Half a century ago, Belgian Zoologist Bernard Heuvelmans first codified cryptozoology in his book On the Track of Unknown Animals.

The Centre for Fortean Zoology (CFZ) are still on the track, and have been since 1992. But as if chasing unknown animals wasn't enough, we are involved in education, conservation, and good old-fashioned natural history! We already have three journals, the largest cryptozoological publishing house in the world, CFZtv, and the largest cryptozoological conference in the English-speaking world, but in January 2009 someone suggested that we started a daily online magazine! The CFZ bloggo is a collaborative effort by a coalition of members, friends, and supporters of the CFZ, and covers all the subjects with which we deal, with a smattering of music, high strangeness and surreal humour to make up the mix.

It is edited by CFZ Director Jon Downes, and subbed by the lovely Lizzy Bitakara'mire (formerly Clancy), scourge of improper syntax. The daily newsblog is edited by Corinna Downes, head administratrix of the CFZ, and the indexing is done by Lee Canty and Kathy Imbriani. There is regular news from the CFZ Mystery Cat study group, and regular fortean bird news from 'The Watcher of the Skies'. Regular bloggers include Dr Karl Shuker, Dale Drinnon, Richard Muirhead and Richard Freeman.The CFZ bloggo is updated daily, and there's nothing quite like it anywhere else. Come and join us...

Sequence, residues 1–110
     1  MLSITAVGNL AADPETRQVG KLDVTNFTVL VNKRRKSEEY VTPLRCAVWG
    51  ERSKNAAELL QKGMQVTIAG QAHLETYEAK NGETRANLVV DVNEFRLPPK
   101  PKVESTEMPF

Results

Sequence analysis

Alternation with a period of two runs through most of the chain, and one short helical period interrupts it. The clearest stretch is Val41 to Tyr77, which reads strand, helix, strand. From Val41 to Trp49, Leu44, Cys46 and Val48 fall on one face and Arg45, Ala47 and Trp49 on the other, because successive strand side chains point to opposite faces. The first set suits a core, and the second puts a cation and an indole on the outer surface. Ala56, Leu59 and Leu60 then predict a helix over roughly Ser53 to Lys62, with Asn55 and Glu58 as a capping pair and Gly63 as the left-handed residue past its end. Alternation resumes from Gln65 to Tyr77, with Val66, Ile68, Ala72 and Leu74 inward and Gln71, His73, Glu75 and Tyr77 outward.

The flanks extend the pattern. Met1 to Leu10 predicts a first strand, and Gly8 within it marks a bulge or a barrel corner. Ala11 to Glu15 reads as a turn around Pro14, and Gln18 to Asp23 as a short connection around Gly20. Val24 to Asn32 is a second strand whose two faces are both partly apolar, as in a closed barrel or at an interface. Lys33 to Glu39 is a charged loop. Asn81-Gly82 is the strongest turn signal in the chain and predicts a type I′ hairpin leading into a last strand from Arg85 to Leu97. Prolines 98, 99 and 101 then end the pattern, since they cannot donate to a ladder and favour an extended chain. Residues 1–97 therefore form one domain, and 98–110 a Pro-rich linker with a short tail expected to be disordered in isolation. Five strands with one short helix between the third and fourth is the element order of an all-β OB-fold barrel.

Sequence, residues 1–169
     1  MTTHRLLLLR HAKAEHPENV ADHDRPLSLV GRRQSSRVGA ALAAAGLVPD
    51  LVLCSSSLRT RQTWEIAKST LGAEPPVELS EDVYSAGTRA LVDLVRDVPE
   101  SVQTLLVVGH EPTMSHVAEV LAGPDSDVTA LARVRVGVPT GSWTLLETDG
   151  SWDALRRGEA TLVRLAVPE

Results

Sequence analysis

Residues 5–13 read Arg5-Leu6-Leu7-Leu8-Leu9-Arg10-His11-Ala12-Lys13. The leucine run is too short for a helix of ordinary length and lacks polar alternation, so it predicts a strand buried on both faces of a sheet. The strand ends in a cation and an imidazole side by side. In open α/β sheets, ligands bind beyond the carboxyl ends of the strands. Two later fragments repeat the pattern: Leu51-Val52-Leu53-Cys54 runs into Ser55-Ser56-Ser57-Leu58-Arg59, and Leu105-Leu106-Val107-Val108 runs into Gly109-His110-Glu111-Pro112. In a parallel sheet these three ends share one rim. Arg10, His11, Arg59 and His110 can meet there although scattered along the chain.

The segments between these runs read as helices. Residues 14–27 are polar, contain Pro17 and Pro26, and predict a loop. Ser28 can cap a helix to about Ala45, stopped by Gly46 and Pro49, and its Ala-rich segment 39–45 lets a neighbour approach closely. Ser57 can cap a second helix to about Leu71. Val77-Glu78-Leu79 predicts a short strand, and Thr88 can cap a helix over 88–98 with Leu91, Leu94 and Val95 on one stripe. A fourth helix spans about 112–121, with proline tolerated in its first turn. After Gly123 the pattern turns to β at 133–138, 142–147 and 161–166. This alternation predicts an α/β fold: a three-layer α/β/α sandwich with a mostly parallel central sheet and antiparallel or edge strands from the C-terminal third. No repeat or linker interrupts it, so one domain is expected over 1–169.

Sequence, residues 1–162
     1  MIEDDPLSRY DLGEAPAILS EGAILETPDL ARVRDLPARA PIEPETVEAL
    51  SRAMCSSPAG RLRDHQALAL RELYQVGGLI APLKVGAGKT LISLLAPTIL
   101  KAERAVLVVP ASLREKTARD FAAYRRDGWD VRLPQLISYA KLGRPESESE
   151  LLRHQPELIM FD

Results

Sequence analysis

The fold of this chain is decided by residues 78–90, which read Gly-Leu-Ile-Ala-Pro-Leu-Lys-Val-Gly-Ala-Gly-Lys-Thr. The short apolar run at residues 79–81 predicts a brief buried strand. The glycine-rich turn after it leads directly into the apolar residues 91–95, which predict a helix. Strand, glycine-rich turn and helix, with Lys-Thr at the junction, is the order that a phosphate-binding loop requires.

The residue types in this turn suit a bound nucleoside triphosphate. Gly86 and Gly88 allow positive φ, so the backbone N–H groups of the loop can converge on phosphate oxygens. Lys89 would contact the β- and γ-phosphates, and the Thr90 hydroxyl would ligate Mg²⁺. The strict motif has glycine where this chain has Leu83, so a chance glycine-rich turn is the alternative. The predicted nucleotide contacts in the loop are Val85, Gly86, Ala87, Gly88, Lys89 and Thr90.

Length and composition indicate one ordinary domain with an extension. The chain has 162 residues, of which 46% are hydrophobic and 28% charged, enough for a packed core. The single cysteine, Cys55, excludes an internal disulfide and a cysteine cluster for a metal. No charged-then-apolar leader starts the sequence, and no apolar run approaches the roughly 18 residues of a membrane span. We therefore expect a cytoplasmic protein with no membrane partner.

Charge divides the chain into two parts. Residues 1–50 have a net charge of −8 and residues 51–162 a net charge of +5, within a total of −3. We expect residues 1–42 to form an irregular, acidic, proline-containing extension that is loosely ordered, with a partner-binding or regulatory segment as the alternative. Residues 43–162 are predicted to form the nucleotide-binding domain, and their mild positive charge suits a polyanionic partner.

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Saturday, February 27, 2010


My life gets weirder. Yesterday evening we were sitting down, having a civilised glass of wine with our friends Jules and Dougie the Cornish ghost hunters when there was a knock on the back door.

It was Mrs Ashby, our one-time housekeeper, and her daughter. They were clutching a big tupperware box containing two bananas.

One one of the bananas was this. "What is it?" they asked. Well, to my eyes it seems like a cocoon of come sort, containing a chestnut brown chrysalis.

However, what or whom will hatch from said chrysalis, I have no ideas. Over to you folks....

1 comment:

Shaun said...

Can't give you and ID on this, but have seen similar a couple of years agon also from Bananas. And what emerged was a Burnet type moth, only unlike the British Burnet moth it was black with white spots and a white ring around the abdomen.

Not mush different to this one

Shaun Histed-Todd